Precipitation

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Climate change is leading to precipitation in Sweden generally increasing, mostly in the north and during the winter months. However, there is great variation across the country and between the seasons. Climate calculations also suggest that extreme precipitation will increase.

Precipitation is a meteorological collective term for liquid or solid water particles that fall through the atmosphere.

Water on the Earth is constantly cycling. Water evaporates from oceans, lakes and the ground, forming water vapour. When this rises into the atmosphere, the water vapour condenses and forms clouds and precipitation. The precipitation that falls over the land continues, via the ground and groundwater, to lakes and watercourses on its way back to the sea.

Precipitation is of vital importance to our entire society. Agriculture, drinking water and physical planning are just a few examples of areas where this has an impact. Heavy precipitation can have negative consequences, such as flooded streets and roads, collapsed roofs and destroyed crops.

Precipitation varies across the country

Certain parts of Sweden have more precipitation than others. The western mountain regions normally experience the most. Other areas with high levels of precipitation include the western side of the South Swedish Highlands and an area a few dozen miles in from the Norrland coast.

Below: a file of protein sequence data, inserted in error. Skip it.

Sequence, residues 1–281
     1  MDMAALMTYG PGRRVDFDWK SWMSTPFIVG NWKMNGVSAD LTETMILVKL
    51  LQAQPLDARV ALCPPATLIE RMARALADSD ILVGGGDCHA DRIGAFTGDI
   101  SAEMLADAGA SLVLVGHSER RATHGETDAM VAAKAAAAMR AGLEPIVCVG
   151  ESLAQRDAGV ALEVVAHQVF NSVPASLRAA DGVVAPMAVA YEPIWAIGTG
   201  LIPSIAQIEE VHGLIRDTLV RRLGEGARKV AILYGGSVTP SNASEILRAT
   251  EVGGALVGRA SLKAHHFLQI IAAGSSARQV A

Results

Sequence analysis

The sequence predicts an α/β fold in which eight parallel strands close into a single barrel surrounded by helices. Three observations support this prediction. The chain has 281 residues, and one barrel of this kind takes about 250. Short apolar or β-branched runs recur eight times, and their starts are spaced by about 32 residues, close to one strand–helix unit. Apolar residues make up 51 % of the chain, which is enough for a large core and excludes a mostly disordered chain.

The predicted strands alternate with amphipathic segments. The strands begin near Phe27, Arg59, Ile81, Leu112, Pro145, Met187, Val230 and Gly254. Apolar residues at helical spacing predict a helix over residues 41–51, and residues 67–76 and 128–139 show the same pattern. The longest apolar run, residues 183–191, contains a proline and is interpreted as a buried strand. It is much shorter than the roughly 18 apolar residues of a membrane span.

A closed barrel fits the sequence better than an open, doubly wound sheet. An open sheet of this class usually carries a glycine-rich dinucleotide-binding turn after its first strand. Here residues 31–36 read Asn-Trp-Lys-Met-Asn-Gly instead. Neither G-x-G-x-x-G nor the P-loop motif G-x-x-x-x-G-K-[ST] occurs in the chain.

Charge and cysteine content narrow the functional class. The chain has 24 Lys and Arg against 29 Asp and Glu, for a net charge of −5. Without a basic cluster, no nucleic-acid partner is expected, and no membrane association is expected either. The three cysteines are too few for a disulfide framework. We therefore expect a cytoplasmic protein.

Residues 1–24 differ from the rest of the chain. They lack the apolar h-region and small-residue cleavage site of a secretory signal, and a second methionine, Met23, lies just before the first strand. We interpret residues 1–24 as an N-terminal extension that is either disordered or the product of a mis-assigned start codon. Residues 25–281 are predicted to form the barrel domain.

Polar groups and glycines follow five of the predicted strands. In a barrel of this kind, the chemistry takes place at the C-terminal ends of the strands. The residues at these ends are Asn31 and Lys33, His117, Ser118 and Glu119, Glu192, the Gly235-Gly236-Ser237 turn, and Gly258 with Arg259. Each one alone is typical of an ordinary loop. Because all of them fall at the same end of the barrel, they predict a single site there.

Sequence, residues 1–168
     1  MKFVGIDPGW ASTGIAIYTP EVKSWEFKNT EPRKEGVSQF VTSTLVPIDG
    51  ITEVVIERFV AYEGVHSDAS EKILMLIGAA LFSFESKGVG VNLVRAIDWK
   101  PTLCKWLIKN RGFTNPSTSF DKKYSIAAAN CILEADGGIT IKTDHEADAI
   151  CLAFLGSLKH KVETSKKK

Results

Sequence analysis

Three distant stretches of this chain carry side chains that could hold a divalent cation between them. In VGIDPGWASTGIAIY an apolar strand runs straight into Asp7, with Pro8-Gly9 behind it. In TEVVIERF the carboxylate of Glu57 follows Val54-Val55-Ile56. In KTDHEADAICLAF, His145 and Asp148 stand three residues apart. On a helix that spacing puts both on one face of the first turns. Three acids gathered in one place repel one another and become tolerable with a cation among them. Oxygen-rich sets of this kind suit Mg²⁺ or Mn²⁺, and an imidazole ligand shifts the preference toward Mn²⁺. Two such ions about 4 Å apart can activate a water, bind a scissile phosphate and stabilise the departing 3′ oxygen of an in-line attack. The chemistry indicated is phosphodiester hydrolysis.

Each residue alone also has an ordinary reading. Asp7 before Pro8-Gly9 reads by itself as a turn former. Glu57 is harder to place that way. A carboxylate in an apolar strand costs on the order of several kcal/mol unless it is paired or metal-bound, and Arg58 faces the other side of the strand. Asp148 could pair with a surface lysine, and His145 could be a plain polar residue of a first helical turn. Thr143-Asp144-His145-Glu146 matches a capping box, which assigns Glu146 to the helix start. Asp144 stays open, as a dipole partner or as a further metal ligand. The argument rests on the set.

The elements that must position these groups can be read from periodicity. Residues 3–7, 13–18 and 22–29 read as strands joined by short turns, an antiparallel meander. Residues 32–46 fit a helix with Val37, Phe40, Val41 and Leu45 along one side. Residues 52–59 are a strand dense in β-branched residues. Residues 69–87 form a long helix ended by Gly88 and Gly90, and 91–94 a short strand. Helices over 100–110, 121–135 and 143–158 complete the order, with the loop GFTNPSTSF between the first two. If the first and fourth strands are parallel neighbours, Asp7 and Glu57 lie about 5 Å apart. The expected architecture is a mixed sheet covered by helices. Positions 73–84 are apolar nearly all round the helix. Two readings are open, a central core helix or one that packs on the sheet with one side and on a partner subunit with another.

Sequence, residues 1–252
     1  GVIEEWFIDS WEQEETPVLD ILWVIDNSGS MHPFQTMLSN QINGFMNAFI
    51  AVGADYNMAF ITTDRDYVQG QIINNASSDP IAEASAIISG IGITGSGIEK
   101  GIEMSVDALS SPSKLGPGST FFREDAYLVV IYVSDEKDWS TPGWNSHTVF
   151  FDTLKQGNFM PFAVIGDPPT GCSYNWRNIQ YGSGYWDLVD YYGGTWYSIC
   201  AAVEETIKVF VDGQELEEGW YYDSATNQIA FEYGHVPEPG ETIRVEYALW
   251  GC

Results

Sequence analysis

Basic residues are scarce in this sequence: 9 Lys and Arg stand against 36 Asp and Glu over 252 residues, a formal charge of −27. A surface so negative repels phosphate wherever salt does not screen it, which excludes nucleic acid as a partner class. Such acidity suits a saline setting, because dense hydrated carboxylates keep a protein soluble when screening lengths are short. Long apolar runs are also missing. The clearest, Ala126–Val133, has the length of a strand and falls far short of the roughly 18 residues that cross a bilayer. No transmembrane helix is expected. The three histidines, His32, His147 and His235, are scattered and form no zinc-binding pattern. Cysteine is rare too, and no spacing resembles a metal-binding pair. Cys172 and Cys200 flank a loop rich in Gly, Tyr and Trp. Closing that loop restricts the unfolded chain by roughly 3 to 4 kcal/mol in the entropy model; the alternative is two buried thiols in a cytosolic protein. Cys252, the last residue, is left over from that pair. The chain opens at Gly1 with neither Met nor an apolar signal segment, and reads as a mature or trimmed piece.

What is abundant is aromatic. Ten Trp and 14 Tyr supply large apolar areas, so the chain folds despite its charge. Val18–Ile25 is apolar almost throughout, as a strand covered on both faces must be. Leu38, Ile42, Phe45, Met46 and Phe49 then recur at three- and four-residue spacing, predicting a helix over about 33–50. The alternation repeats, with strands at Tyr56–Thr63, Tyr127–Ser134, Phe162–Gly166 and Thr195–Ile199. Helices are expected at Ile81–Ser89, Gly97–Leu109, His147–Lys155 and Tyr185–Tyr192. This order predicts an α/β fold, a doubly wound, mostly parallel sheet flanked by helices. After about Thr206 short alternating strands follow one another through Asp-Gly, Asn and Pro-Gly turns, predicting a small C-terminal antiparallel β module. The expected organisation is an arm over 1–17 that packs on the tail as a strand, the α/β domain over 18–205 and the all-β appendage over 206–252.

During the last thirty years, precipitation in Sweden has increased for the whole year, with the greatest increase in the summer. During the autumn, there has been both a weak increase and a weak reduction, depending on which part of the country is studied.

How will precipitation change?

The amount of change in the future will depend on greenhouse gas emissions around the world, and how quickly these emissions can be reduced. Different types of development can be studied using climate scenarios.

These climate scenarios mainly suggest a future climate with more precipitation in northern Sweden, particularly during the winter. For southern Sweden, however, no increase in precipitation is expected. 

The climate scenarios also suggest stronger extremes in precipitation, both in the short term in the form of downpours and in connection with low pressure situations with large amounts of precipitation over longer periods.

Snow conditions depend on both winter precipitation and the temperature. With rising temperatures, the snow season will therefore be shorter and the maximum snow cover will be less thick, despite increased winter precipitation.

The scientific basis

International research on the climate and its development is compiled every year by the UN Intergovernmental Panel on Climate Change (IPCC). These summaries form an important basis for negotiations and for different types of decisions within society. The next summary will be complete in 2021.